Seguidilla


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The following article is from The Great Soviet Encyclopedia (1979). It might be outdated or ideologically biased.

Seguidilla

 

(1) A stanza in Spanish poetry that has been known since the 13th century. The simple seguidilla is a four-line stanza whose first and third lines have seven syllables; the second and fourth lines have five syllables and are rhyming. The addition of three further lines of five, seven, and five syllables, respectively, with the two five-syllable lines making a new rhyme, results in the complex seguidilla.

(2) A paired Spanish folk dance, originating in Castile in the 15th or 16th century. It has a lively tempo and is in 3/4 time. The dance is accompanied by the singing of simple or complex seguidilla stanzas with a mainly lyric content and by guitar and castanets. The seguidilla has regional variations, of which the most important are those of Murcia and Seville, the latter known as the sevillana. The seguidilla has been utilized in concert music; examples are Glinka’s overture Night in Madrid and de Falla’s cycle of songs Seven Spanish Folk Songs.

The Great Soviet Encyclopedia, 3rd Edition (1970-1979). © 2010 The Gale Group, Inc. All rights reserved.
References in periodicals archive ?
Canciones Arabescas, Felipe Pedrell ("Cancion Callejera," "Seguidillas Gitanas," "Boleras Estudiantiles," "Copla Marinera," "El Columpio," "Copla de Baile")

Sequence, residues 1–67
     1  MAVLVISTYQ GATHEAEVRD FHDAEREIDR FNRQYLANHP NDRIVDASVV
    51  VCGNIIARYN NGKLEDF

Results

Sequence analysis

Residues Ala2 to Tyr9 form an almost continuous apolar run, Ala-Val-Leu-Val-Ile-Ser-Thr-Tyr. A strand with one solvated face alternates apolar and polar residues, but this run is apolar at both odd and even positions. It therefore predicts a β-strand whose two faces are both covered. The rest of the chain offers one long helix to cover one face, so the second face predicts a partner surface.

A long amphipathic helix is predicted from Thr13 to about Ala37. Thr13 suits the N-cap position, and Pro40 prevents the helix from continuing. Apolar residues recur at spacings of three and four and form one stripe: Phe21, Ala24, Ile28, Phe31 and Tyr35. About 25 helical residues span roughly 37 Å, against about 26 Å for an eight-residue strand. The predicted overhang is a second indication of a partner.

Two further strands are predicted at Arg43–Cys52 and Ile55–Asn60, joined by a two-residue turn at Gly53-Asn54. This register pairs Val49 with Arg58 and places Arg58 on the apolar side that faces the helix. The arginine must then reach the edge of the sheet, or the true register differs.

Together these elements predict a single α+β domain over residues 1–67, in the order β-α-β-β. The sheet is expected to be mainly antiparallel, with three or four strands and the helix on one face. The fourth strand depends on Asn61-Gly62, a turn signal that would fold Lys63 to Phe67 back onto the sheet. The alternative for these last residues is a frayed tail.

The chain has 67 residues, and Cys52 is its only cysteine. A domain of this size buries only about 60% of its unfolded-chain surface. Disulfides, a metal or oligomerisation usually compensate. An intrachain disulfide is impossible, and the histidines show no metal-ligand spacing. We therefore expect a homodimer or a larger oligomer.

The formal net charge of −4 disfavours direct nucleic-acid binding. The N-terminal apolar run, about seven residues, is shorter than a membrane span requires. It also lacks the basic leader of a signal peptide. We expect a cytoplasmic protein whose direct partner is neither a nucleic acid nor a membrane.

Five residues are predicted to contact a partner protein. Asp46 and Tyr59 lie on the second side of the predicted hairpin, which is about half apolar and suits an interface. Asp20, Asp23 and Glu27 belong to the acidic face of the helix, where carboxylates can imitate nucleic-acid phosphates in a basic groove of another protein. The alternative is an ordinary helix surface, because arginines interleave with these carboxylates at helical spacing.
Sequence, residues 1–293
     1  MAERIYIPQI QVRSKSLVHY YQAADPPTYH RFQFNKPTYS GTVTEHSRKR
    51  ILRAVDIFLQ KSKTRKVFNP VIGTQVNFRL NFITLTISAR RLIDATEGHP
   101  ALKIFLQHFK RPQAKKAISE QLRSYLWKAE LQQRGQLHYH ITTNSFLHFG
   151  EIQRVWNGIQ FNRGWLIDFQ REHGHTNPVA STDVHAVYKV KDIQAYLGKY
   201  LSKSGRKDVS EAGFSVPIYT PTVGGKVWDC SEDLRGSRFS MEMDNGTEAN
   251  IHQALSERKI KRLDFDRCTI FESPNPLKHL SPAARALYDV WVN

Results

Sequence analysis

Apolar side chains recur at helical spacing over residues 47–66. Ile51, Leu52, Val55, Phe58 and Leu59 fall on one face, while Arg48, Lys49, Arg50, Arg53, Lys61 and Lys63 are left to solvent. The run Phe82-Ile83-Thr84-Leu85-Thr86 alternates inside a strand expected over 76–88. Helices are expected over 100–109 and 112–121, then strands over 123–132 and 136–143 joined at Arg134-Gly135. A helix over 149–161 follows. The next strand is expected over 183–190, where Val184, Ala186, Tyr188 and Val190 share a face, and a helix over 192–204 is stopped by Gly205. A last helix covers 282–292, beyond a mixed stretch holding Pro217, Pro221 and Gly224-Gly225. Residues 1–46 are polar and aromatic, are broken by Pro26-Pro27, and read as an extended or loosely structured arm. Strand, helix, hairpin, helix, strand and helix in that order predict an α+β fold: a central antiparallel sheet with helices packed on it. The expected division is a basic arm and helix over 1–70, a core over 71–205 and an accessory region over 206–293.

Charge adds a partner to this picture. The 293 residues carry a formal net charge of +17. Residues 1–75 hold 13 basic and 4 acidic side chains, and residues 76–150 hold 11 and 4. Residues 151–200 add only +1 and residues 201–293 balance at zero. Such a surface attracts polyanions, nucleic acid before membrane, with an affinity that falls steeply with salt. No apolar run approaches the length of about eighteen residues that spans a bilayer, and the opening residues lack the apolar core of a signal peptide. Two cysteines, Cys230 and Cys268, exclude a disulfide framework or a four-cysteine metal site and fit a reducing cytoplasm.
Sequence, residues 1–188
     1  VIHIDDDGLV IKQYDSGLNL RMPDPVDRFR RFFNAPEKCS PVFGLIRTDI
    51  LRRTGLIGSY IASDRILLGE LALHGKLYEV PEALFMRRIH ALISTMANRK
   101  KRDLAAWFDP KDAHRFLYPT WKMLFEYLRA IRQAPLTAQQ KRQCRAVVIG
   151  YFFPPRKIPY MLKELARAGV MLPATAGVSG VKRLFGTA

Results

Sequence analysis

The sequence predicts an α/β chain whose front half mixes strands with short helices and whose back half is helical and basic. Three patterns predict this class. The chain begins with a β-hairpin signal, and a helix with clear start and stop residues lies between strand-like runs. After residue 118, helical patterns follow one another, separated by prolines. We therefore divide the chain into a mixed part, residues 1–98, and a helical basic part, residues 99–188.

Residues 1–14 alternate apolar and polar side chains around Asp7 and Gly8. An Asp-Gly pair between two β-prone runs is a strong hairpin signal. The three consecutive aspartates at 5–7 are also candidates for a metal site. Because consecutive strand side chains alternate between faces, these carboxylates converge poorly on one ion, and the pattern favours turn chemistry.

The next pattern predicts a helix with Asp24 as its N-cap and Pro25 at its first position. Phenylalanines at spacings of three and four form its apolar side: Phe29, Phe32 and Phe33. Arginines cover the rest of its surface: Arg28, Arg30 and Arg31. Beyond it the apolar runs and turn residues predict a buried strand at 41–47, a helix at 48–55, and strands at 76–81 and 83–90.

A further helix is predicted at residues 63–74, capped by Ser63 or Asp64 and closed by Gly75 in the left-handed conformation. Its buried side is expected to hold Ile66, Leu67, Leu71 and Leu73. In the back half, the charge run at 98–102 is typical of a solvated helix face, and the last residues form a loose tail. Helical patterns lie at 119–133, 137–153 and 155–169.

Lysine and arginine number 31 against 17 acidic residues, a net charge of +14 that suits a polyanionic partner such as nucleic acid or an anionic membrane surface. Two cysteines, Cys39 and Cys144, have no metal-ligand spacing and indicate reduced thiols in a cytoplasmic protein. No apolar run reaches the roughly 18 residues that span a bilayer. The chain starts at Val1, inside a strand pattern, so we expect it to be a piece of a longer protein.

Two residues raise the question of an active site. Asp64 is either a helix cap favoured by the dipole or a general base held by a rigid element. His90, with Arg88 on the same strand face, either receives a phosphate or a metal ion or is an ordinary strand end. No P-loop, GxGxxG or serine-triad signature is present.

Evocative melodies are sewn throughout the opera, including The Habanera, The Seguidilla, The Flower Song and The Toreador's Song.
Macdonald takes a different view, finding Bizet's piece not only better than David's, but also sowing the seeds of ideas later to reappear in Carmen: the Bolero "La marguerite a ferme sa corolle" (foreshadowing the theme of Carmen's act 2 "Chanson boheme"), and the ascending tra-la-las that end the number--a trick reused at the end of the so-called "Seguidilla." In this respect he also identifies a model for the "Toreador Song" in the bull-tamer Orrias's couplets "Si les filles d'Arles sont reines" from Gounod's Mireille.
It features some of the most evocative and best-loved melodies in opera; The Habanera, The Seguidilla, The Flower Song, The Chanson Boheme and perhaps the best-known baritone aria of all The Toreador's Song.
In the spring of 1972, knowing just two arias (one of them the "Seguidilla" from Carmen), she auditioned for both the Canadian Opera Chorus and the University of Toronto Opera School, winning admission to both.